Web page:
Thursday, February 04, 2016


Today was a day I had not been looking forward to. 11.30 am found me reclined on a hard couch as the dentist pointed a pint-sized hypodermic in the general direction of my lower jaw. During the infusion of vast quantities of anaesthetic, I meditated upon the Trojan levels of destruction he was about to inflict upon my lower left premolar. It's called crown prep.

My sister was right: although tooth demolition is without pleasure, the alginate moulds upon which one bites while they harden (both before and after drilling) are a considerably less aesthetic experience.


Fast forward to this afternoon and my attendance at the TTC Speed Awareness Course. There were 23 of us in that bright, modern, anonymous seminar room at the Somer Valley Enterprise Park, 12 women and 11 men. Most of us were quiet, attentive, let's-get-this-over-with types; there were three loudmouths more extravert individuals - thank God - who provided the obligatory degree of audience participation.

The presenters were a genial retirement-age ex-cop (Stan) and a no-nonsense woman of similar age called Kate. To be fair, they were both very professional and often amusing. The general story on these courses is that everyone thinks they're going to be terrible and then ends up being quite impressed; our hosts were clapped at the end of the four hours (this doesn't always happen).

What did we do? It's a coaching exercise. We were told facts about impact injuries at various speeds; we did photo/video based hazard analysis; we group-assessed the consequences and aftermath of car accidents. We were given hints on speed control and some indication that speed limits are not quite so arbitrary as I guess we had all believed. It was manipulation but it was subtle.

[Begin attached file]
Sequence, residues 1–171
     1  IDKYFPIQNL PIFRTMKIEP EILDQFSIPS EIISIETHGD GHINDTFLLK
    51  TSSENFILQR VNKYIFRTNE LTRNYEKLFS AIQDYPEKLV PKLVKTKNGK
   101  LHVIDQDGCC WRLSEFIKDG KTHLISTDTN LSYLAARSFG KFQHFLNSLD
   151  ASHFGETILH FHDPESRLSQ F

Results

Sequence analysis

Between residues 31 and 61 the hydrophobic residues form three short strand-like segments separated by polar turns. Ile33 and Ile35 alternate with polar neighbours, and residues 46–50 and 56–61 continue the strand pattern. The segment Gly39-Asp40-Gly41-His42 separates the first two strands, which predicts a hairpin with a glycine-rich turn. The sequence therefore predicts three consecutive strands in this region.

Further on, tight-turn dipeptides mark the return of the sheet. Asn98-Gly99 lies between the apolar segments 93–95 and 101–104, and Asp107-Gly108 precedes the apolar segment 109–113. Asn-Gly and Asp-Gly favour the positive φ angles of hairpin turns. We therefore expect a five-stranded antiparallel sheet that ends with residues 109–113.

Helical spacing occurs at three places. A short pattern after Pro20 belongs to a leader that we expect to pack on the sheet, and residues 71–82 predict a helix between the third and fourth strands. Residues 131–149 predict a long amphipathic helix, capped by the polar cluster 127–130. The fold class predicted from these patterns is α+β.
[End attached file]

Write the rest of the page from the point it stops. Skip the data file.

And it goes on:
This was the first outing for my windscreen-mounted radar detector, although I did not mention this during the group activity where we were invited to share what behavioural changes we had made as a consequence of getting a speeding ticket.

Driving to the session I encountered no cameras and the device was quiescent. As I turned into a parking bay (I later observed, at the moment the car was facing the automatic doors of Paulton House), a well-modulated female voice announced, "K-band radar has been detected, please check your speed."

On the way home, as we bounced over some rough road, the radar detector fell off.

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